The five-man Irish boxing team arrived in the Olympic village on Monday. Each contestant wants to bring home gold.
Fresh from their training camp in Vladivostok in Russia, the Irish squad have their eyes set on Friday's events in the Grand Ballroom of the Asia Hotel in Beijing. That'll be the weigh-in and the draw for the 11 weight categories in this year's Olympic Games.
If they fail to receive a bye, Irish captain Ken Egan and Darren Sutherland could be in action on Saturday in the Workers Indoor Arena as the initial heats of both light-heavyweight and middleweight divisions are due to begin that day.
Egan (Neilstown) and Sutherland (St Saviours OBA) are the Dubliners in the five-man squad that includes John Joe Joyce (St Michael's Athy), John Joe Nevin (Cavan BC) and Paddy Barnes (Holy Family Belfast).
Apart from the possibility of getting a bye, the draws could well be crucial to our boxers coming home with a medal.
Dominic O'Rouke, President of the IABA, says, "If they get on the right side of the draw you could well see some medals. It could be any of the five."
In their pre-tournament Russian training camp, the Irish boxers sparred with members of Russia's extensive Olympic team. "The lads held their own," says Ireland Head Coach Billy Walsh. "It was a very intense training camp and will stand to the youngest members of our squad."
For the oldest members, Egan (26) and Sutherland (26), who has ambitions to join the professional ranks, the upcoming bouts in Beijing represent their last chance of achieving their Olympic dream.
Like all of the 286 boxers in the competition, Sutherland is acutely aware of the vagaries of the random nature of the open draw.
"You could possibly beat nine of 10 of your opponents but be drawn against your bogeyman in the first round," he explained before he left for Beijing.
But such concerns are not allowed to interfere with his preparation.
"We're going to give this our best," he says. "We're going to be strong and come home successful."
Paddy Barnes qualified for the Olympics last year at the World Championships in Chicago. John Joe Nevin became our second qualifier when he punched his way to gold, beating a Ukranian in the semi-final and a Moldovan in the final, at a tournament in Italy at the end of February.
Our other three hopefuls had to wait until April, and the final qualification tournament in Greece, before booking their tickets for China.
In what he describes as "the turning point of my whole boxing career", Egan clinched his place on the Olympic team by beating a German fighter by 10 points in the semi-final. Now he wants Olympic gold.
He's invested too much blood, sweat and, who knows, maybe some tears in getting to where he is today. Egan has been Irish national champion for eight years in a row. The disappointment of missing out on a chance to represent Ireland at the last Olympic Games has driven him to this crucial stage in his career.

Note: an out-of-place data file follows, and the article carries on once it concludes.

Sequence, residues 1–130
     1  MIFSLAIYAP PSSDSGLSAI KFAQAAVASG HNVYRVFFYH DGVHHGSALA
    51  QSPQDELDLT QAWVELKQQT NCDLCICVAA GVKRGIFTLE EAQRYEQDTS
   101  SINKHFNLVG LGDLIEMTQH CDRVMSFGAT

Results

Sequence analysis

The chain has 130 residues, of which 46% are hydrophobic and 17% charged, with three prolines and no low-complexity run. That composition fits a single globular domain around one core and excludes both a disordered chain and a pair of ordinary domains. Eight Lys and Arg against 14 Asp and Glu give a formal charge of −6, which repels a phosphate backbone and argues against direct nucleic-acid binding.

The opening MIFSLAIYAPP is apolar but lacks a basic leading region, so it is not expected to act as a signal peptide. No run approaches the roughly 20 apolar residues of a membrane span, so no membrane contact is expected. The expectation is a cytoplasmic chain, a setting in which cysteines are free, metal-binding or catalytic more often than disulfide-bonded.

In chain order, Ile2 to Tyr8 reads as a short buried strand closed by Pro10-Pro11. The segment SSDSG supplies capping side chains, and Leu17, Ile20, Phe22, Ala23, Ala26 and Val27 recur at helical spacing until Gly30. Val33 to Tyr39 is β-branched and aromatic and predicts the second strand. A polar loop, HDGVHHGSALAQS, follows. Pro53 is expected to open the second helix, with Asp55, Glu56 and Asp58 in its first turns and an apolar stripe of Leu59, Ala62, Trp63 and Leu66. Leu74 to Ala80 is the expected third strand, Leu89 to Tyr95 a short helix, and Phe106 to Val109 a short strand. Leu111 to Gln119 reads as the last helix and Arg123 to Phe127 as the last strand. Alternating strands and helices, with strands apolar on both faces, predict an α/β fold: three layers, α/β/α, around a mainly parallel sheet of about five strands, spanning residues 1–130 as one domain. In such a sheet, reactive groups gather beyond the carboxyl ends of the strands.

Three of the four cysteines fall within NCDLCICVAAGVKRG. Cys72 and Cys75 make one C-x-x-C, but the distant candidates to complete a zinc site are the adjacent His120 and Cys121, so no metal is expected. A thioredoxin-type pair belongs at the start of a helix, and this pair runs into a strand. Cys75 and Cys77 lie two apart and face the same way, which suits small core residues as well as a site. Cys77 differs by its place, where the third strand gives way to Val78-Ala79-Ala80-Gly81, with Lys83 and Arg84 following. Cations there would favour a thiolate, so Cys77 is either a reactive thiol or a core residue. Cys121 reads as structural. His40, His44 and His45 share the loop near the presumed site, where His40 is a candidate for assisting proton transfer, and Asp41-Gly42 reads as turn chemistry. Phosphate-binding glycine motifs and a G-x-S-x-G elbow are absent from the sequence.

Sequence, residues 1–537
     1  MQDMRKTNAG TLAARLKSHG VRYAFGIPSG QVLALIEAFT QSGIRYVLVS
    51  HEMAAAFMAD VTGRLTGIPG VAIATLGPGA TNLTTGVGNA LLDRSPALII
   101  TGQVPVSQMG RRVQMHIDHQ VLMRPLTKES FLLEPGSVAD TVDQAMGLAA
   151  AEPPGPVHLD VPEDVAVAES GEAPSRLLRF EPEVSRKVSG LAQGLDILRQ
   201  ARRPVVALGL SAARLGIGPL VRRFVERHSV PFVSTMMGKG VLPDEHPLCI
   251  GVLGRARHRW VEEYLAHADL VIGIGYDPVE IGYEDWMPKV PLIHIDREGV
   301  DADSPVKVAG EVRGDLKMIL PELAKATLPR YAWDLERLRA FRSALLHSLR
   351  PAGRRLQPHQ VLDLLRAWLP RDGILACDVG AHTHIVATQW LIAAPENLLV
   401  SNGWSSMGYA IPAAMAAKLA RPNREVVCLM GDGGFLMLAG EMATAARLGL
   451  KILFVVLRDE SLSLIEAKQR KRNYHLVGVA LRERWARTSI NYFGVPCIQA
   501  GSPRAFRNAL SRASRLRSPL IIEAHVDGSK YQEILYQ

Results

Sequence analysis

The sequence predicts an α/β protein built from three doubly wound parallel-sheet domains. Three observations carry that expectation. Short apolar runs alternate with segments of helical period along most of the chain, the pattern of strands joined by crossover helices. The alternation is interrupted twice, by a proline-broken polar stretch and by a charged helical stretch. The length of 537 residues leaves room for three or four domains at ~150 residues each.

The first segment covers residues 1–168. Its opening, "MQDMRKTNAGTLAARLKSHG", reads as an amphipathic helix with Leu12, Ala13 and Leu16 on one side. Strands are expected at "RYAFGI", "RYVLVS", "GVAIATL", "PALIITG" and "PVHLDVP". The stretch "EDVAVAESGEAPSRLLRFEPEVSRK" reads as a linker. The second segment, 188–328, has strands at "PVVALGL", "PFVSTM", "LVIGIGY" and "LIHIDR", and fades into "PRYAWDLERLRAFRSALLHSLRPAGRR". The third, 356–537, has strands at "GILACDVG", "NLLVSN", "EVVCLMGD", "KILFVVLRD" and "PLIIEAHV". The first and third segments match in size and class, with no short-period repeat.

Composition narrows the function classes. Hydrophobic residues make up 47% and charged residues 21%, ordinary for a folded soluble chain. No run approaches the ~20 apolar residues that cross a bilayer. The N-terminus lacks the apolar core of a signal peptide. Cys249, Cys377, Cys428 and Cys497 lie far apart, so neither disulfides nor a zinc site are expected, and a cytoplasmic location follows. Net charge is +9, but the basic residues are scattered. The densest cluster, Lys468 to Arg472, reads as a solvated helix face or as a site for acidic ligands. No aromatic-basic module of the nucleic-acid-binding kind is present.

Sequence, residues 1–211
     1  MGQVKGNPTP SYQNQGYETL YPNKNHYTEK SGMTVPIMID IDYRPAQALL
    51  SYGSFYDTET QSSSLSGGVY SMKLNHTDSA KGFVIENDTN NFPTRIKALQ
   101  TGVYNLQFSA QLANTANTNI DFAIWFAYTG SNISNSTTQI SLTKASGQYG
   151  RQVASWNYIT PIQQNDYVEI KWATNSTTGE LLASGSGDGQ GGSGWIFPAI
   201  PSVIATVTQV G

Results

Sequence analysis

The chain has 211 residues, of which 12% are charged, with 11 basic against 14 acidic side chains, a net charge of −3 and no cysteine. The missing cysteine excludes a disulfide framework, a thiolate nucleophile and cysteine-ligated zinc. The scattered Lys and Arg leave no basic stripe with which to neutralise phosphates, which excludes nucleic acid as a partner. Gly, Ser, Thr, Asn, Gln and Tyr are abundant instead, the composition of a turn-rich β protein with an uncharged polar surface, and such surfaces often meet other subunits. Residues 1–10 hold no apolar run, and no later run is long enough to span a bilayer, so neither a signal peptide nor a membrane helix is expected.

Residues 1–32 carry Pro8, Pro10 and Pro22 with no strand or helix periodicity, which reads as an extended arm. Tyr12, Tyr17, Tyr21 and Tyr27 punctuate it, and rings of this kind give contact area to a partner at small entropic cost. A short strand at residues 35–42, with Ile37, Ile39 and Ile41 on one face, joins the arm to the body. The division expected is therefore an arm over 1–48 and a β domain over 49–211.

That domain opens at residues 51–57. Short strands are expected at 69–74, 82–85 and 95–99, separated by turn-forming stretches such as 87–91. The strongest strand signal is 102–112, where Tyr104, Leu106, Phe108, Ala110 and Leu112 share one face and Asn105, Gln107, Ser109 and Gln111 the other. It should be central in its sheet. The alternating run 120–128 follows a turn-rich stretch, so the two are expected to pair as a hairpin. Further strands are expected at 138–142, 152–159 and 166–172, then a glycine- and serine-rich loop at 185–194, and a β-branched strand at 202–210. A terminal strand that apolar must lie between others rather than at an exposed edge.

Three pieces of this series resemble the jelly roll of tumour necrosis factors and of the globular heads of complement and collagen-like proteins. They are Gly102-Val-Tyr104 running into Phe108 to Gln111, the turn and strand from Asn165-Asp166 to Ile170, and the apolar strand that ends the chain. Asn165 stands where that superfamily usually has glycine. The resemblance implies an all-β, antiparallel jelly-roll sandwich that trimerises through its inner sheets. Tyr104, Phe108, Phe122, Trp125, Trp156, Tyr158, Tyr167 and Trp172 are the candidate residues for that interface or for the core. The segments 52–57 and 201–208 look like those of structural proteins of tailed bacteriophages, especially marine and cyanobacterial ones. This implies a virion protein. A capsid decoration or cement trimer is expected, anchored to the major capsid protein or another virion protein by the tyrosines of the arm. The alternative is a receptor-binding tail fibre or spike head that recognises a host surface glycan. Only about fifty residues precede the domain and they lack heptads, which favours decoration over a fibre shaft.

"I'm good to go," Kenny told me before heading East. "I'm in super nick and my self-belief is sky-high."
Currently ranked sixth in the world, Egan knows he's better than most of the contestants in his weight division. He also knows it's all about performance on the day.
"I have to bring my A game to the table," he insists. "But since the High Performance programme started, I've been training like a professional."
In a sport where top fitness levels and supreme skill are sometimes not quite sufficient to ensure victory, a positive mental attitude can make all the difference. Kenny has received advice and support from Ireland's boxing gold medallist Michael Caruth and golfer Padraig Harrington.
"I'm happy with the preparations," he reveals as he works to deliver on the promise his coach Zauri Antia believes is good enough to win gold.
Darren Sutherland, a sports science student at DCU, says, "I love boxing, and being competitive. I love putting myself on the line."
He analyses his situation and declares, "It's about getting back to seizing the moment and realising that I'm doing something that I love. Right now I'm so close."
Prior to clinching his seat on the plane to China, Darren summed up his life as an Olympic hopeful. "I've been on a journey," he told me.
"Something went off in my head and I went, 'To hell with all of this pressure. Forget about it.' I've addressed issues that were weighing me down and I feel like the way I have when I started as a kid. Now it's easy."
As we approach the moment of truth, Ireland's dynamic High Performance Director Gary Keegan is optimistic.
"Unlike the professionals, amateur boxing is very quick and fast. The standard is really high and unless you're a bit more scientific about how you approach preparation you're going to be left behind," he says.
"We believe that, physically, we can compete with any team in the world."